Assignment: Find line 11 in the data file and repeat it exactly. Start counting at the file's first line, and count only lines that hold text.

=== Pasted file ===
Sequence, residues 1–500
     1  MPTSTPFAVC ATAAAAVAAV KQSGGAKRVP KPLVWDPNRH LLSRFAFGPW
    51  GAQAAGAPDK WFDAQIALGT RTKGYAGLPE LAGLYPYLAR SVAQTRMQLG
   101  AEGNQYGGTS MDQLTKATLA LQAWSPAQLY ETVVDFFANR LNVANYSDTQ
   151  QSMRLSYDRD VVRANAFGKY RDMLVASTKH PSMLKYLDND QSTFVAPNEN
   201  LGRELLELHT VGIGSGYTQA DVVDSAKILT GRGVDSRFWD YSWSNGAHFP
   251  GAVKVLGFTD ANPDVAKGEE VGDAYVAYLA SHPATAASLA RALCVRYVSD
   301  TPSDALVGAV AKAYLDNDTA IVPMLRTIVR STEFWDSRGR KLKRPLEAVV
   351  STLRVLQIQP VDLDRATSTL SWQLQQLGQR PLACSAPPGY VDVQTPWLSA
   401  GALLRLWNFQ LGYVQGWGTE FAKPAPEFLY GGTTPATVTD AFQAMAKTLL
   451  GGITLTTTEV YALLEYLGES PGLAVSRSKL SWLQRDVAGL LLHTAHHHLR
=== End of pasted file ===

   451  GGITLTTTEV YALLEYLGES PGLAVSRSKL SWLQRDVAGL LLHTAHHHLR